Bipartisan discussions over the fiscal cliff are off to a rough start, sources close to the negotiation tell Politico. The problem: there remains a massive divide over taxes. Democrats want to raise taxes on the earners over $250,000 from 35% to 39.6%. Republicans don't want to raise taxes at all.
Republican's aren't convinced the White House and fellow Hill Democrats will give enough concessions on entitlement spending to justify any proposed tax hikes.
Beyond freezing tax rates, Politico reports, Republicans are pushing for changes to entitlement spending, an overhaul of the tax code, and a postponement on the looming sequester, which threatens to cut billions from both Pentagon and domestic programs.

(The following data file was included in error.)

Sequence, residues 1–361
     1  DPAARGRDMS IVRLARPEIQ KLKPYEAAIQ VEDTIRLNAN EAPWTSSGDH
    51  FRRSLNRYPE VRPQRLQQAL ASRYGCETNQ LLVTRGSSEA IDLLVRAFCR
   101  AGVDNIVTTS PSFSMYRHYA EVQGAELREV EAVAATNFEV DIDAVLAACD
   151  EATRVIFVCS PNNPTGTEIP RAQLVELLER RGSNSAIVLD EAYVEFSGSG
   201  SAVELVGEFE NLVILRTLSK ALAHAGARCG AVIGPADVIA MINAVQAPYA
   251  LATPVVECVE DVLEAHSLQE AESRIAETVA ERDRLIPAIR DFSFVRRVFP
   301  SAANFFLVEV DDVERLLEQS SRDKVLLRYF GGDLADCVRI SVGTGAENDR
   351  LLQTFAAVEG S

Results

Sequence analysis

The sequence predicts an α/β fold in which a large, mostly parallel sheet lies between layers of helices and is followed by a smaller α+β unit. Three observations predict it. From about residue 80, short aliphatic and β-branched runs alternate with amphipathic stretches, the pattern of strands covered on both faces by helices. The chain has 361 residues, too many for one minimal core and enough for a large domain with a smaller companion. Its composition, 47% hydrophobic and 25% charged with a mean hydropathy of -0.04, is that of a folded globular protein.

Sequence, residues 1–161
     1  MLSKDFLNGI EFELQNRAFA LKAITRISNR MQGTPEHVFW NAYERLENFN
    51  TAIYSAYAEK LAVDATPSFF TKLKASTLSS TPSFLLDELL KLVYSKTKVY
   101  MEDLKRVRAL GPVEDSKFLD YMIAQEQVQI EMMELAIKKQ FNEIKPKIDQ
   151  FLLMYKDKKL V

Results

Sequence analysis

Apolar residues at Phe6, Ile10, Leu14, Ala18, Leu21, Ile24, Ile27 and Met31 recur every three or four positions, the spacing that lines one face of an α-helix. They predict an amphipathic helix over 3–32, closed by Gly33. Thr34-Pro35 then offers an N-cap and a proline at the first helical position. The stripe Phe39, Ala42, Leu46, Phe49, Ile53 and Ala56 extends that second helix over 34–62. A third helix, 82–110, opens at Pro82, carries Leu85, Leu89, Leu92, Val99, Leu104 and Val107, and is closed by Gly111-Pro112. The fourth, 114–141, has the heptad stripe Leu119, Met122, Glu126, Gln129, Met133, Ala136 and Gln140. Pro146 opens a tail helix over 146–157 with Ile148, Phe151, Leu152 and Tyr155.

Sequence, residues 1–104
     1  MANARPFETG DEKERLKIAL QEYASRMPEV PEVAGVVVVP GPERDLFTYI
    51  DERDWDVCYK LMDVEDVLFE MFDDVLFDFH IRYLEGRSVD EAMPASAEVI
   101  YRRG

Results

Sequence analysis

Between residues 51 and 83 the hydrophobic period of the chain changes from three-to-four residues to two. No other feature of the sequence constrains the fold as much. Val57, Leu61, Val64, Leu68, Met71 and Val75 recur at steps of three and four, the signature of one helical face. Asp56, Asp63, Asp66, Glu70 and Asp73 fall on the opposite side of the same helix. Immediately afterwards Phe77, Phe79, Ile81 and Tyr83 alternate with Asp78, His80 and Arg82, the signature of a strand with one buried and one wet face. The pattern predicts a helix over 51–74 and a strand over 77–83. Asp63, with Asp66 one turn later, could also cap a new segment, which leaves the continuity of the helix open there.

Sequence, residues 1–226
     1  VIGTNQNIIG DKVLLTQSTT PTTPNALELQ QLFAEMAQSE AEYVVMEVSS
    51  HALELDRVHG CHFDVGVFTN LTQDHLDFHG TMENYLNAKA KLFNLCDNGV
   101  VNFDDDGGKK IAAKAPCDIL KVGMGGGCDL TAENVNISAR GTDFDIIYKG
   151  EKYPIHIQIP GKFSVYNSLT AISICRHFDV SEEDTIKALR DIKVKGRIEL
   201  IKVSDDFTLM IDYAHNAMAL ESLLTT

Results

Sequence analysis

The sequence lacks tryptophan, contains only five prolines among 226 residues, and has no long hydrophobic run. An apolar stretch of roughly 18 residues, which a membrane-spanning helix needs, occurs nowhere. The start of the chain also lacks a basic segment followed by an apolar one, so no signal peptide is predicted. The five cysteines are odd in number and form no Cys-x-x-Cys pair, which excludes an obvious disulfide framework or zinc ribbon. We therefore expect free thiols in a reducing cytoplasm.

Then there's the debt ceiling. The Treasury Department is pushing to raise the borrowing limit in 2013 - something they could very well get as a part of the fiscal cliff negotiations. That is, so long as House Speaker John Boehner (R-OH) feels that Democrats are willing to negotiate.
Notably, Politico reports, current discussions are limited to White House and Boehner aides, excluding other major Congressional leaders.